The Last American Man by Elizabeth Gilbert (2003) – Okay not technically a memoir but still one of the most interesting lives I’ve read about. Sky burials, living off the land, rejecting modern culture…it was riveting.
“In 1977, at the age of seventeen, Conway left his family’s comfortable suburban home to move to the Appalachian Mountains. For more than two decades he has lived there, making fire with sticks, wearing skins from animals he has trapped, and trying to convince Americans to give up their materialistic lifestyles and return with him back to nature. To Gilbert, Conway’s mythical character challenges all our assumptions about what it is to be a modern man in America; he is a symbol of much we feel how our men should be, but rarely are.”
All Over But the Shoutin’ by Rick Bragg (1998) – If you read Southern Living you have probably read Rick Bragg’s work. I first read this book around 1998 and rediscovered it recently. So glad I did. I forgot how wonderful and haunting the writing is.
“It is the story of Bragg’s father, a hard-drinking man with a murderous temper and the habit of running out on the people who needed him most. But at the center of this soaring memoir is Bragg’s mother, who went eighteen years without a new dress so that her sons could have school clothes and picked other people’s cotton so that her children wouldn’t have to live on welfare alone. Evoking these lives–and the country that shaped and nourished them–with artistry, honesty, and compassion, Rick Bragg brings home the love and suffering that lie at the heart of every family. The result is unforgettable.”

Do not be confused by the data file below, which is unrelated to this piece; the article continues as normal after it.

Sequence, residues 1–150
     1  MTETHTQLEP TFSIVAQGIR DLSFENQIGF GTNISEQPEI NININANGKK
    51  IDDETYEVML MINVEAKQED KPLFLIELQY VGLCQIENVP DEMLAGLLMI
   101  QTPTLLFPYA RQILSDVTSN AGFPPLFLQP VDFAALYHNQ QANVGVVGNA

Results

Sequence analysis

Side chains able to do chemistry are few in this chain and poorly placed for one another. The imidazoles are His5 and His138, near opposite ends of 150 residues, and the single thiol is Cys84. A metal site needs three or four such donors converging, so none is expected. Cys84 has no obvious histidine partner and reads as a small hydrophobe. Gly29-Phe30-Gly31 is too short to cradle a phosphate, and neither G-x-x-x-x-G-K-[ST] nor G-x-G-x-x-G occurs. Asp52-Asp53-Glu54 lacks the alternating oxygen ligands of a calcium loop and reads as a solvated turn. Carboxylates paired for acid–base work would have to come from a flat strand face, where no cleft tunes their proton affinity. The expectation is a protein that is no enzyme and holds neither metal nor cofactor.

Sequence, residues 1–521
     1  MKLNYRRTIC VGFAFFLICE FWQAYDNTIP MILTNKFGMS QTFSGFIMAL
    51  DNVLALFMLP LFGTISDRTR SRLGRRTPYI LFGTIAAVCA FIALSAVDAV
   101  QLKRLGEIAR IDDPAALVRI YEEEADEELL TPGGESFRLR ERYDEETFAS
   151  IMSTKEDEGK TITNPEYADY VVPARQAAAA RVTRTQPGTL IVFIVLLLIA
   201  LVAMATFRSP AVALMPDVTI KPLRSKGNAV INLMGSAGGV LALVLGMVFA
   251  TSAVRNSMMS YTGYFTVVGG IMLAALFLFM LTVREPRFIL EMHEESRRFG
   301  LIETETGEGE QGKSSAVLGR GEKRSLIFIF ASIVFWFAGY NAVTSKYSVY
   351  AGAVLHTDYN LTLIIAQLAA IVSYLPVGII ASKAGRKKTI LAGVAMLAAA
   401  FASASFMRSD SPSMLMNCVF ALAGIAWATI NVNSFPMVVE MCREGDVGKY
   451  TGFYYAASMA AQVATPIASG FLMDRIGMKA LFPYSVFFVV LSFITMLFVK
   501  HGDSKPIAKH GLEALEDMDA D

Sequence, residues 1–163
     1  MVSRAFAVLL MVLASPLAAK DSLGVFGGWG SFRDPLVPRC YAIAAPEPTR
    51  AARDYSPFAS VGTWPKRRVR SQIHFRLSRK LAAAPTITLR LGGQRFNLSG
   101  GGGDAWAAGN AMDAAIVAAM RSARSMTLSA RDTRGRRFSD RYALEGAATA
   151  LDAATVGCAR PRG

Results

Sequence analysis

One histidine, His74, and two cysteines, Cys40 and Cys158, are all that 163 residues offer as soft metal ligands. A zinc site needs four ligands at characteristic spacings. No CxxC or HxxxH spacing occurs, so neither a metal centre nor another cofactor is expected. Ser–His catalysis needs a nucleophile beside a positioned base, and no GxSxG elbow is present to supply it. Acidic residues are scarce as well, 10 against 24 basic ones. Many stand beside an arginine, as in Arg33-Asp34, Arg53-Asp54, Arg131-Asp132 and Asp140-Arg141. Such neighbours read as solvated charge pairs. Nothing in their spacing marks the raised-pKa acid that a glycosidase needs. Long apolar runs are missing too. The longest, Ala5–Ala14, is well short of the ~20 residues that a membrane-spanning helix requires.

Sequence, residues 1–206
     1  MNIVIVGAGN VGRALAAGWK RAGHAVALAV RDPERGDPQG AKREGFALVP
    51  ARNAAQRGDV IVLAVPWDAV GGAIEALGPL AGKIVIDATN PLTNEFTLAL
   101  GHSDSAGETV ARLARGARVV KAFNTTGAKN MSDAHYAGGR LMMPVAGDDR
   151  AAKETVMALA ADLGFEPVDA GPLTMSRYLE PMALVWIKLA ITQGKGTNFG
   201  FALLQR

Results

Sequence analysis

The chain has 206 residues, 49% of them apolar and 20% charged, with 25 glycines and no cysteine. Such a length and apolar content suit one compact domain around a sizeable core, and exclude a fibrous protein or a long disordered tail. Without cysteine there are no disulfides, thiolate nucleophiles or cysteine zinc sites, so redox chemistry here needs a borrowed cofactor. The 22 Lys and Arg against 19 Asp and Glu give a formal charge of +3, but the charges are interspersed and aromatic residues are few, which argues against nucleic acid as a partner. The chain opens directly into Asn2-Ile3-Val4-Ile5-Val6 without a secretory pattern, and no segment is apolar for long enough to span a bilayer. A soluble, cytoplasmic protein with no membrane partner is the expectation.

Expecting Adam: A True Story of Birth, Rebirth, and Everyday Magic by Martha Beck (2011) – This book was a nice surprise…I related to so much of her experience.
“John and Martha Beck had two Harvard degrees apiece when they conceived their second child. Further graduate studies, budding careers, and a growing family meant major stress–not that they’d have admitted it to anyone (or themselves). As the pregnancy progressed, Martha battled constant nausea and dehydration. And when she learned her unborn son had Down syndrome, she battled nearly everyone over her decision to continue the pregnancy. She still cannot explain many of the things that happened to her while she was expecting Adam, but by the time he was born, Martha, as she puts it, “had to unlearn virtually everything Harvard taught [her] about what is precious and what is garbage.”
Death Be Not Proud by John Gunther (1949) – This was assigned reading at some point in my schooling. I recently picked it back up and didn’t remember one word of it. I was glued to the pages and so moved all I could think about was how empathy changes throughout a life.
“Johnny Gunther was only seventeen years old when he died of a brain tumor. During the months of his illness, everyone near him was unforgettably impressed by his level-headed courage, his wit and quiet friendliness, and, above all, his unfaltering patience through times of despair. This deeply moving book is a father’s memoir of a brave, intelligent, and spirited boy.”
‘Tis: A Memoir by Frank McCourt (2000) – I don’t know how I missed this book because I’ve read everything else of Frank McCourt’s. It’s Frank McCourt so I knew it would be good.
“When Frank returns to America in 1953, he works on the docks, always resisting what everyone tells him, that men and women who have dreamed and toiled for years to get to America should “stick to their own kind” once they arrive. Somehow, Frank knows that he should be getting an education, and though he left school at fourteen, he talks his way into New York University. There, he falls in love with the quintessential Yankee, long-legged and blonde, and tries to live his dream. But it is not until he starts to teach—and to write—that Frank finds his place in the world. The same vulnerable but invincible spirit that captured the hearts of readers in Angela’s Ashes comes of age.”